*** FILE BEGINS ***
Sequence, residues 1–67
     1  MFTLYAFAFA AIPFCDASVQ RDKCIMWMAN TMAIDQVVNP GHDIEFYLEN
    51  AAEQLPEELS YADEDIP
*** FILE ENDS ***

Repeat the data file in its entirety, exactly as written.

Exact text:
Sequence, residues 1–67
     1  MFTLYAFAFA AIPFCDASVQ RDKCIMWMAN TMAIDQVVNP GHDIEFYLEN
    51  AAEQLPEELS YADEDIP